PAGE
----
You can also find the lecithin in some cosmetic products for topical application.

Being that lecithin is mostly found as a dietary supplement, the best and most common way to consume is to add it to your health shakes and smoothies.

You can also use it as a butter replacement or other oils in cooking.

Lecithin will add smooth and creamy texture to your recipes.

Difference between sunflower and soy lecithin

Soy lecithin is another popular form of lecithin.

But in the past several years, people are understanding the difference.

We are not here to judge or favor any lecithin over another, but there are differences that are worth mentioning.

  • Sunflower lecithin is 100% raw and pure
  • Sunflower lecithin is extracted from sunflower seeds in a mechanical and chemical-free process, while soy lecithin requires chemicals to extract it from soybeans
  • Soy lecithin is extracted from soybean oil, an ingredient that is usually genetically modified
  • Soy allergies are more common than sunflower seeds allergies
  • Consumption of soy can increase estrogen levels and cause imbalance of hormones in your body. Soy phytoestrogens can disrupt the endocrine function and cause infertility
  • Sunflower lecithin is produced through a system that is cold press, such as the one used to derive olive oil
  • Sunflower lecithin has a higher content of choline and other fatty acids that boost our overall health

Is sunflower lecithin an allergen?

There are many questions regarding the safety and security of using sunflower lecithin.

One of the main questions is whether the lecithin is an allergen.

Whether the lecithin is an allergen depends on the source from where it was extracted.

Lecithin may contain remnant of protein from the food it is extracted from.

If you are allergic to soy, rape, egg, or sunflower, you will be allergic to the lecithin as well.

But if you are not allergic to sunflower seeds, you won’t be sensitive to the lecithin.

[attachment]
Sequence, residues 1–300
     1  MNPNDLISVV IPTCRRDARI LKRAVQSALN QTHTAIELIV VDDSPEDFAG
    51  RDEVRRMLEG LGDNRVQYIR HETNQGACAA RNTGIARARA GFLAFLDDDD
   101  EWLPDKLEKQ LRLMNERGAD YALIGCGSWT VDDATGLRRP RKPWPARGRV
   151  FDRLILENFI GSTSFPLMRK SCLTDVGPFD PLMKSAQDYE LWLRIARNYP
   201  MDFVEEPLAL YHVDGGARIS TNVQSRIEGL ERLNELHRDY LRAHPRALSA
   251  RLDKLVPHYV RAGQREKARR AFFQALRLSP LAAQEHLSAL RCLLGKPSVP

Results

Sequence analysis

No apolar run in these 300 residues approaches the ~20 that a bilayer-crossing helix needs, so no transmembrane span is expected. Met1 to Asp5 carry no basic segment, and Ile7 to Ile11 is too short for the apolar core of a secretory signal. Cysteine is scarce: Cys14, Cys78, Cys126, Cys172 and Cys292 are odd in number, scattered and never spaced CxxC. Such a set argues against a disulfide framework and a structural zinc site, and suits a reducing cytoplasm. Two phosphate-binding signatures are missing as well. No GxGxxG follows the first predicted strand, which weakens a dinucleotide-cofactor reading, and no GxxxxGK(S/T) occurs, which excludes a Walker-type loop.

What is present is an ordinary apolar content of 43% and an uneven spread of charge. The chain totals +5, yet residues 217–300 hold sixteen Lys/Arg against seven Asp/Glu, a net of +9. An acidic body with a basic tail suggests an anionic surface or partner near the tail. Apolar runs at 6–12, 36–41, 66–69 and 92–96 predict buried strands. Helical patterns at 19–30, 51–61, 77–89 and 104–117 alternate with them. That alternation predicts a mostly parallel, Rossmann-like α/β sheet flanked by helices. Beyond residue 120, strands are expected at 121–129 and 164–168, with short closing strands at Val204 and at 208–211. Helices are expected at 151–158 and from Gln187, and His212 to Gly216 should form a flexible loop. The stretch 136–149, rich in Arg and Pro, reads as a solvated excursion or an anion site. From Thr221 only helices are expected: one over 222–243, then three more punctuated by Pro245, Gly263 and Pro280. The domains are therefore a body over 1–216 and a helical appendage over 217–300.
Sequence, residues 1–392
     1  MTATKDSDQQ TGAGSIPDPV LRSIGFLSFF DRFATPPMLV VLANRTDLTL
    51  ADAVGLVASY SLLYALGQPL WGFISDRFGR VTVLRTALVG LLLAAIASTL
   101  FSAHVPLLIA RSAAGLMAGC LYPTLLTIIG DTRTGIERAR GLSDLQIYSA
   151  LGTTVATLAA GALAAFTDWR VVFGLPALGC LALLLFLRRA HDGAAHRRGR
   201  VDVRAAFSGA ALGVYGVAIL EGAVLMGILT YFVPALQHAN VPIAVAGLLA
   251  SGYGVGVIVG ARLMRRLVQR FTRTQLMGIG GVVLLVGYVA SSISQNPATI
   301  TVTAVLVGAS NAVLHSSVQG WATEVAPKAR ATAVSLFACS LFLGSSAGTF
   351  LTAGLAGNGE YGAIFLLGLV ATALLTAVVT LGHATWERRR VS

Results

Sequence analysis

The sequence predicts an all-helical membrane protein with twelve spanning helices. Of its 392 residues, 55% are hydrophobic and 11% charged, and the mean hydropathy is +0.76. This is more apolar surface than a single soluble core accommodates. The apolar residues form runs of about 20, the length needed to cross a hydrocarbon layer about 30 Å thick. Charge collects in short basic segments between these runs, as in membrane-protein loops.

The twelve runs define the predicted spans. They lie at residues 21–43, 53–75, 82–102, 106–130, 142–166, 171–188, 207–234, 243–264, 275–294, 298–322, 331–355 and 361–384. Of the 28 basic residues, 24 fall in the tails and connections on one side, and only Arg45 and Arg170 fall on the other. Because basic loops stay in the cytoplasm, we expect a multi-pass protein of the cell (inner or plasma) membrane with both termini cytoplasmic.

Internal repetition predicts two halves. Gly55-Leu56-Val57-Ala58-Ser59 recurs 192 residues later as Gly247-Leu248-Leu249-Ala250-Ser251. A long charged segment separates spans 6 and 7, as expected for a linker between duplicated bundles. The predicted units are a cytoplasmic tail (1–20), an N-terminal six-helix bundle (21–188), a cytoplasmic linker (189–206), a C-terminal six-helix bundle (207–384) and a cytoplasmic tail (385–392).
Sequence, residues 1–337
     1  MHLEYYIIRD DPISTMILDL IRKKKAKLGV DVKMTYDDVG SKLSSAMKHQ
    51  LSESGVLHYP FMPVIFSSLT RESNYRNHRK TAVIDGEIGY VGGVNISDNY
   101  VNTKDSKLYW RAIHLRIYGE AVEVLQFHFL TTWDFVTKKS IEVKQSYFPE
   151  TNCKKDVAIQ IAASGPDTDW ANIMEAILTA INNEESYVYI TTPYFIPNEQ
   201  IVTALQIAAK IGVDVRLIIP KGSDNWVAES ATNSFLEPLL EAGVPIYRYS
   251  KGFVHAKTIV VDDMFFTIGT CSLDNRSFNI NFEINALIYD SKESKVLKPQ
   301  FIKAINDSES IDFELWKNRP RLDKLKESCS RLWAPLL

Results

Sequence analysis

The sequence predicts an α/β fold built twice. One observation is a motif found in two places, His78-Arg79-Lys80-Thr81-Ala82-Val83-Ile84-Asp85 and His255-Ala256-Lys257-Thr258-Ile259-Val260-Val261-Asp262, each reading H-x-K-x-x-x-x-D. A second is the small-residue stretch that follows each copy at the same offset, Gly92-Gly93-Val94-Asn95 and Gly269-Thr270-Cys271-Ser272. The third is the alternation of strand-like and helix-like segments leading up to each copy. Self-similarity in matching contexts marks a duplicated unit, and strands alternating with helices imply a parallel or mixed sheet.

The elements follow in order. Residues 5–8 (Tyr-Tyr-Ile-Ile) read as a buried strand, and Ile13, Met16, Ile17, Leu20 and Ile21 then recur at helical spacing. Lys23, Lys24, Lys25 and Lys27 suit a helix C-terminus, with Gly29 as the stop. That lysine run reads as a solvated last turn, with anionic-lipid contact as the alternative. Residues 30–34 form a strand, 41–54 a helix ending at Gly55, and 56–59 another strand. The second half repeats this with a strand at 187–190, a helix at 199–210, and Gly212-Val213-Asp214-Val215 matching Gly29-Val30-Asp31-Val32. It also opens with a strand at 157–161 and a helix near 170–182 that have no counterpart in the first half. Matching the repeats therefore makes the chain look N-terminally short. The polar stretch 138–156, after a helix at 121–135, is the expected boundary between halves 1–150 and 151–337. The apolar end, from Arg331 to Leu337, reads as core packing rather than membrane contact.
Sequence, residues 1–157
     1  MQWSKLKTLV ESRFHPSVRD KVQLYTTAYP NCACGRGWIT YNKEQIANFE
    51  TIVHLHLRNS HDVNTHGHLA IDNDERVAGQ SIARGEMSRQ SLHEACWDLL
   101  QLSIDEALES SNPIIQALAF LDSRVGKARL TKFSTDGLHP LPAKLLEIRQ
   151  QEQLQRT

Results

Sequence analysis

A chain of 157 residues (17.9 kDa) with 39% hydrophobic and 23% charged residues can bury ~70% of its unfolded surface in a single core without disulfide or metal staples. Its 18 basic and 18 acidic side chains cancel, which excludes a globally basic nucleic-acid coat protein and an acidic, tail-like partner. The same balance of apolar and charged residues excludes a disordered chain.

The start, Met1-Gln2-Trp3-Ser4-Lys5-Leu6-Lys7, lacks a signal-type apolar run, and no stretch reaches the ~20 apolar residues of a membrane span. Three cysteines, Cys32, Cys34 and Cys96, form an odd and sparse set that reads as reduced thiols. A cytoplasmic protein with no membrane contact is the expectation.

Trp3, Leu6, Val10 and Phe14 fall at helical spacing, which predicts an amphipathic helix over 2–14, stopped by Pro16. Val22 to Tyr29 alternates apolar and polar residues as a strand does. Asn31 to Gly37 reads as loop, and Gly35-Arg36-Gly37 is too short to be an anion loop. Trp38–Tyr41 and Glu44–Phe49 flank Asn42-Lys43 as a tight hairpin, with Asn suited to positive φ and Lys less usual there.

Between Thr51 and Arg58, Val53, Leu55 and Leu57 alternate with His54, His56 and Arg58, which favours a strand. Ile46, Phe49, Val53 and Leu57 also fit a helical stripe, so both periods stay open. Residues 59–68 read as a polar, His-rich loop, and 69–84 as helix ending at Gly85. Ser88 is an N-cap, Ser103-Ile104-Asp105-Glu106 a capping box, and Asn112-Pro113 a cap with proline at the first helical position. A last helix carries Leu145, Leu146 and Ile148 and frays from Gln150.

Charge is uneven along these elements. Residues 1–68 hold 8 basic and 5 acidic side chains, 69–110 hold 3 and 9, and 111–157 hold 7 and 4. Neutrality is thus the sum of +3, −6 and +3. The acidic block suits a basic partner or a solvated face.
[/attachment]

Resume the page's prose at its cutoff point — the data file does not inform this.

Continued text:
Does it contain gluten?

One of the differences between sunflower and soy lecithin is the former is 100%.

That is why it is useful in maintaining normal cholesterol levels.

As such, sunflower lecithin does not contain gluten.

It contains high level of choline, which is responsible for breaking up cholesterol in the body.

What is the purpose of lecithin?

Here are some of the functions of lecithin in our body.

What you need to know is that lecithin is found in abundance in all the cells of our bodies.

  • Keeps the cell membranes permeable enough to allow passage of air, water, and nutrients
  • Make up a large percentage of the nervous system. In mammals, one third of the total brain matter is lecithin
  • Forms the protective sheath of fatty substances that envelops the brain
  • Makes sure there is equal distribution of weight in the body

How is sunflower lecithin produced?

We mentioned that unlike soy lecithin, the sunflower one is produced naturally.

The lecithin is obtained by dehydrating a sunflower seed.

But instead of processing with a chemical solvent, the seeds are processed by the “cold press process”.

The seeds are not pre-cooked, which allows them to retain all the flavor and nutritional value.

Cold pressing is a gentle and wholesome extraction process in which the oils are obtained through pressing seeds.

Is Sunflower lecithin Safe?

Studies have yet to uncover any side effects from taking sunflower lecithin supplements in the recommended dose.

Therefore, the lecithin is considered safe, as long as you are following the guidelines.

However, it is worth mentioning that some people have experienced side effects like diarrhea, vomiting, nausea, sweating, and upset stomach after taking the supplement.

Sources:

  1. https://www.researchgate.net/publication/303437476_Sunflower_Lecithin
  2. https://www.ncbi.nlm.nih.gov/pmc/articles/PMC3316137/
  3. https://onlinelibrary.wiley.com/doi/pdf/10.1007/BF02659655
  4. https://efsa.onlinelibrary.wiley.com/doi/full/10.2903/j.efsa.2017.4742
  5. https://www.sciencedirect.com/topics/agricultural-and-biological-sciences/lecithin
  6. https://www.ncbi.nlm.nih.gov/pubmed/20926877
  7. https://www.ncbi.nlm.nih.gov/pmc/articles/PMC5377508/
  8. https://community.babycenter.com/post/a35151430/lecithin_for_plugged_ducts
  9. http://www.canadianbreastfeedingfoundation.org/basics/lecithin.shtml